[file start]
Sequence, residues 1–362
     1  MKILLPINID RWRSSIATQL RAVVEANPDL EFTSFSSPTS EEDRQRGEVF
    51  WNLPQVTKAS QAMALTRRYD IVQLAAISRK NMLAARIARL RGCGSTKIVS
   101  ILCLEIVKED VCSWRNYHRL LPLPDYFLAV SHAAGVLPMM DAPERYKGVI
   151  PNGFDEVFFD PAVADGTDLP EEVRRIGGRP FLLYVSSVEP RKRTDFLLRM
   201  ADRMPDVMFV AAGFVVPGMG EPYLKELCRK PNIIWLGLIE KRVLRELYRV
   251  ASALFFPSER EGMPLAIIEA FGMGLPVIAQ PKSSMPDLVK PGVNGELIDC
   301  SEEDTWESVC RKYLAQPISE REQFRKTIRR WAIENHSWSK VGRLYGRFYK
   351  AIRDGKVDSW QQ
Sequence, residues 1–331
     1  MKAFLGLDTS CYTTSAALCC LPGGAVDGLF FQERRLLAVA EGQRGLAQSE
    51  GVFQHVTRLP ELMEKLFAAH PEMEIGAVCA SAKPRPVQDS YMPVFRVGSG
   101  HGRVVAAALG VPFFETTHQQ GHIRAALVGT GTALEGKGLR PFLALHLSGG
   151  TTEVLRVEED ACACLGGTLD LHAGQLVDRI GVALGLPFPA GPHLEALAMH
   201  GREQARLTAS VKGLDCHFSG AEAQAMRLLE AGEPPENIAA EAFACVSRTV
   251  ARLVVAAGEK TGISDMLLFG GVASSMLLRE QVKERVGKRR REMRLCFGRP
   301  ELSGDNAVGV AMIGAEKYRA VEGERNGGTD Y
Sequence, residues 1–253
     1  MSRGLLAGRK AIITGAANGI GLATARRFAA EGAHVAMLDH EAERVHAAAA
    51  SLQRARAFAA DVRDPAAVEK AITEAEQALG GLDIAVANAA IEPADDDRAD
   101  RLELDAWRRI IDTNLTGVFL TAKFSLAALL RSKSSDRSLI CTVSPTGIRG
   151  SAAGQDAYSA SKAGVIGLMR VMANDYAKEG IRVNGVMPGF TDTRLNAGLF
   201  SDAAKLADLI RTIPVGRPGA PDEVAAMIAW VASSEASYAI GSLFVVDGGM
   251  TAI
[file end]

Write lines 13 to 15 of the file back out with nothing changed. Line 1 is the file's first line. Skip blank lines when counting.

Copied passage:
   101  HGRVVAAALG VPFFETTHQQ GHIRAALVGT GTALEGKGLR PFLALHLSGG
   151  TTEVLRVEED ACACLGGTLD LHAGQLVDRI GVALGLPFPA GPHLEALAMH
   201  GREQARLTAS VKGLDCHFSG AEAQAMRLLE AGEPPENIAA EAFACVSRTV